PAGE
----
Collectors Edition Corvettes

Are They Collectible?

BY: Bob Kroupa of Vette-N-Vestments

As Chevrolet begins production of the 2004 Commemorative Edition Corvette, we take a look back at the other "Collector Edition" Corvettes that Chevy built during the last years of a production generation.

1982 Collectors Edition
In recognition of the last years of the C-3’s (1968-1982), Corvette introduced the 1982 Collector Edition. This was the first in a series of special Collector Editions that would follow.

Indeed, the 1982 Collector Edition was special in many respects. For openers, it had special serial number identification, so bodyshop replicas were not possible. The sixth digit of the serial number had a “0” that was the Collector Edition designation.

There was not a predetermined production as there had been with the 1978 Pace Car. Instead, the Collector Edition was built to meet customer orders. The final tally reflected that 6,759 units were built. This count was 257 units more than the 1978 Pace Car.

The 1982 Collector Edition was a fully optioned Corvette that included special features unique to this model. Included were the Silver-Beige exterior paint, a Silver-Beige leather interior and special cloisonné emblems. The glass roof panels had bronze tinted treatment and the rear glass “hatch” had a lifting feature for easy access to the space behind the front seats. Also included were special cast-finned wheels that resembled the optional 1967 “bolt-on” wheels.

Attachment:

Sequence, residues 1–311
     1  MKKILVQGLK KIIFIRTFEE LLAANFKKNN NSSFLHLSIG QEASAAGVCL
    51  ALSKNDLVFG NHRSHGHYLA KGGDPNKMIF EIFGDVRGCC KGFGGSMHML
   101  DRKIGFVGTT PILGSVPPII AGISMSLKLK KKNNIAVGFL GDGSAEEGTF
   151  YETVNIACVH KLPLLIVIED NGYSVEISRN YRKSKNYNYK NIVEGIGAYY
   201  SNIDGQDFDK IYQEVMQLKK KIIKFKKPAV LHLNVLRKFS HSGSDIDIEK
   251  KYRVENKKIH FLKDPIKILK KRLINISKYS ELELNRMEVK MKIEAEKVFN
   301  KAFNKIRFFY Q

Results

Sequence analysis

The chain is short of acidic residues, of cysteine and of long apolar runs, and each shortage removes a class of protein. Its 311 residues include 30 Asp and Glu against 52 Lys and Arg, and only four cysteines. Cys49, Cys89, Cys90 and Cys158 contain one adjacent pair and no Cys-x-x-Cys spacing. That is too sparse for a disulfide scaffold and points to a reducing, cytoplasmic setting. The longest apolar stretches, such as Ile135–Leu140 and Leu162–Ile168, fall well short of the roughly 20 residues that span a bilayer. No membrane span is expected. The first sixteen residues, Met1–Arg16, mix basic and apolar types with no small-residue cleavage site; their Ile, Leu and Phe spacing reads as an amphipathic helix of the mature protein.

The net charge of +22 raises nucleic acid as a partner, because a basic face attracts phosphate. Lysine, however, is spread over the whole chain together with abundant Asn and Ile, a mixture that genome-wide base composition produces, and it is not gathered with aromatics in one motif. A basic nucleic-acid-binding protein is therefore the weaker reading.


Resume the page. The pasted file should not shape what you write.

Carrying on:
The 1982 Collector Edition was offered at a list price of $22,537 that was $4,247 more than the standard Coupe. However, if we add the standard features that were optional on the standard coupe, the price difference dropped to $2,615.

In today’s resale market, the value of the 1982 Collector Edition has an average value of $15,500. This is $5,000 more than the standard 1982 Coupe. Thus, the initial purchase price has a better resale value. In addition, the Collector shows a one-year appreciation factor of 4% while the Coupe reflects a (- 1%) depreciation factor for the sale time period.

1996 Collectors Edition
Chevrolet once again produced a Collector Edition, the 1996 Corvette model, celebrating the final year of production for the C-4’s (1984-1996), the fourth generation Corvette.

The 1996 model is distinguished by it’s exclusive Sebring Silver paint, chromed “Collector Edition” emblems, 17” five-spoke aluminum wheels painted silver, P255/45 ZR-17 (Front) and P185/40 ZR-17 (rear) tires and black brake calipers with raised bright aluminum “Corvette” lettering.

The cockpit style interior featured perforated Sport Seats with “Collector Edition” embroidery available in Torch Red, Black or Light Gray Leather.

In 1996, the “Collector Edition” was treated as an option with no serial number designation. And it was a very popular option selected by 23% of the Coupe buyers at a production number of 4, 031. Even more so was this selection by the convertible buyers; 32% selected this option for 1,281 units.

The list price of the Collector Edition option was $1,250. In today’s market it, too, was a good investment. A Collector Edition Coupe at $21,500 in average condition will return more than $3,500 over the standard Coupe. The Collector Convertible at $25,900 shows $2,100 more than the standard Convertible.

The bottom line is that the $1,250 investment in the 1996 Collector Edition has an excellent dollar return in today’s resale market.

2004 Commemorative Edition
At this time no pricing information is available on the Commemorative Editions. However, we expect to see three levels of pricing based on the paint and special carbon fiber hood on the Z06, the paint work on the hood, roof and rear deck area on the Coupe, and the hood and deck paint on the Convertible.

Based on previous Collector Edition trends, buying the Commemorative Edition package should be an investment when looking at future resale.

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